Everyone has been having a pop at Russell Brand. Focusing upon his foibles, however, serves to distract us from some fundamental defects of our political culture.
Take these quotes from him:
The economy is just a metaphorical device, it’s not real, that’s why it’s got the word con in it.
I’m not supposed to get my head around economics, none of us are, it’s designed to be obtuse. Look at those f***ing NASDAQ, FTSE, Dow Jones things...
I ain’t got time for a bloody graph… This is the kind of stuff that people like you use to confuse people like us.
These show that Sunny is right: Brand represents "anti-intellectualism on an epic scale".
Which poses the question: why, then, is he not being simply ignored as we would any other embarrassment?
Part of the answer is that we live not in a meritocracy but a celebocracy. Brand hasn't got a big publishing deal, acres of publicity and an invitation onto Newsnight because of the brilliance of his ideas but simply because he's a big celebrity - and as Nick says, TV bosses believe that the punters want celebs with everything.
In this respect, Brand is, well, a powerful brand. He is - in those words which Shoreditich twats regard as terms of commendation and the rest of us as a red light warning of undiluted bullshit - "cool and edgy". TV execs want him for the same reason middle-class teenagers go on gap years to Thailand or on Duke of Edinburgh award schemes; he offers a slight frisson of peril without actually offering any serious danger; I suspect this also helps explain Nigel Farage's appeal to the BBC.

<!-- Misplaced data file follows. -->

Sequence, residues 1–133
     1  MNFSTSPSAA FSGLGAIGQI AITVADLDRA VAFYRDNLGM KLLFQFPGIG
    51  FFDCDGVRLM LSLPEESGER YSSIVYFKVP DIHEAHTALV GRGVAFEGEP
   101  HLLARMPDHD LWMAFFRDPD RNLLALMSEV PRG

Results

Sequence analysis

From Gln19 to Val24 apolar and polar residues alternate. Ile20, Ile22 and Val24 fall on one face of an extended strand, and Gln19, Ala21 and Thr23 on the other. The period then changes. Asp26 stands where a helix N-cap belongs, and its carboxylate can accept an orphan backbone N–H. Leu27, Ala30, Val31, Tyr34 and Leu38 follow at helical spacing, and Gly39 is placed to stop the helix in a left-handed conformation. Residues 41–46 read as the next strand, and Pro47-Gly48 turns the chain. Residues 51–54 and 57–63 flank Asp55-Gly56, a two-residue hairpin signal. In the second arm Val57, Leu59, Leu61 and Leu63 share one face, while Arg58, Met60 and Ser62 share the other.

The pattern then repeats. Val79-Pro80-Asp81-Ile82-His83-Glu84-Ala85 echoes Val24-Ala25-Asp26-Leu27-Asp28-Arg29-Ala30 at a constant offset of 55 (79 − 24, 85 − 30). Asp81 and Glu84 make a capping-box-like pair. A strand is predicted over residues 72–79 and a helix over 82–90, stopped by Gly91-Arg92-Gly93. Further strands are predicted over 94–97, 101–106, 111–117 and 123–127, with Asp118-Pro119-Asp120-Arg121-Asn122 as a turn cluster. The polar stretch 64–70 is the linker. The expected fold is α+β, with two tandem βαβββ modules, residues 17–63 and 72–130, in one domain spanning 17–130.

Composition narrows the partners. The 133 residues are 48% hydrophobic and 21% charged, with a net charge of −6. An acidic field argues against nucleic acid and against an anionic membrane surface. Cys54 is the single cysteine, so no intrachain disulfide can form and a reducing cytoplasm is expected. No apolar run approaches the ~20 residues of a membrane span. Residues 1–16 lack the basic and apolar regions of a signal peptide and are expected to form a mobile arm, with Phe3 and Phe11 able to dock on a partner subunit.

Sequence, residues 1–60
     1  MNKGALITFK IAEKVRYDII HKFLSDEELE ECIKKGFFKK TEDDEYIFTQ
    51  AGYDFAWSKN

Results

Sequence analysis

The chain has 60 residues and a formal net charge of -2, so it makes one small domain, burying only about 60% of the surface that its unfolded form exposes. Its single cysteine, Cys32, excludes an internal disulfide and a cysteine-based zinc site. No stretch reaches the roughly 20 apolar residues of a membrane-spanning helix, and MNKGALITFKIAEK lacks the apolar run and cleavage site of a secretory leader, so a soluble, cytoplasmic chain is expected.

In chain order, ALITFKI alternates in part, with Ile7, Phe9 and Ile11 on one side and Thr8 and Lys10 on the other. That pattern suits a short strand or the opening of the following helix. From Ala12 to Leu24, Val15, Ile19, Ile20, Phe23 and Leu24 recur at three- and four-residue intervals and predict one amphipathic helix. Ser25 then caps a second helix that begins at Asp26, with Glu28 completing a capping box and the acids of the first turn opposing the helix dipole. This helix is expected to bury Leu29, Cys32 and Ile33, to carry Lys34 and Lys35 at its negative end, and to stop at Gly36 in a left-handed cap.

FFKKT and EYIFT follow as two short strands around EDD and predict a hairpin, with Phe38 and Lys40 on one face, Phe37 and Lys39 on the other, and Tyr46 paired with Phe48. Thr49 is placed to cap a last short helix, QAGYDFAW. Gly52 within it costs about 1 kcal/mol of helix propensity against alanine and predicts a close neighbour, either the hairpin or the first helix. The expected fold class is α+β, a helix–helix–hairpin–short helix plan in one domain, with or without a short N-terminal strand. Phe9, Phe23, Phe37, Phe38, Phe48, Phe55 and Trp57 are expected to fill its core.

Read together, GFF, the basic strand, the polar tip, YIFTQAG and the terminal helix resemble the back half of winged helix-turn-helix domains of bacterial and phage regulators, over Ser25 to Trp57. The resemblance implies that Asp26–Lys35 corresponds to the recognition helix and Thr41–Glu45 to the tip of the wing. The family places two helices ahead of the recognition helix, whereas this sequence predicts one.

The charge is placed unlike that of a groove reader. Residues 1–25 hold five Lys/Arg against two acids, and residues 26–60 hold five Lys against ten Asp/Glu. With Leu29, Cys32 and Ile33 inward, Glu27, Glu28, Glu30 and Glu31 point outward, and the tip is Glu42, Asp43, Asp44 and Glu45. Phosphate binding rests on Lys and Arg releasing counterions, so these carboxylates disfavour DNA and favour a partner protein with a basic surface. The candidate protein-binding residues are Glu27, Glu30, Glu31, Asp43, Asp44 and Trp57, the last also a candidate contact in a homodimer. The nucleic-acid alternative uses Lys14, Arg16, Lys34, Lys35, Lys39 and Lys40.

It would, however, be silly to pretend that Brand is unique in his anti-intellectualism. Our ruling class - which includes the BBC and Labour party as well as the Tories - have created a hyperreal economy which obsesses over non-problems such as "the deficit" and immigration to the exclusion of truth and intellectual effort.
But the left is also at fault here. The question which Brand cannot answer - "replace capitalism with what?" - is also one to which it has little answer.
Any serious revolution would, of course, disempower political and business elites and empower people. Which raises many questions: why is there so little popular demand for worker management or even direct democracy? How do we promote anti-managerialism? Could we achieve worker democracy without weakening incentives to innovate? What institutions do we need to create a healthy deliberative democracy rather than debased populism?
Of course, people have been working on questions such as these for years but their efforts have, to put it mildly, not greatly entered the mainstream of the British left. Instead, as I complained nine years ago, much of the Left seem to prefer slogans and self-righteousness to serious thinking.
Just as some plants thrive in arid conditions, so Russell Brand thrives in our intellectual desert. Pointing to the ugliness of this plant, however, should not distract us from the fact that our biggest problem is our anti-intellectual political climate.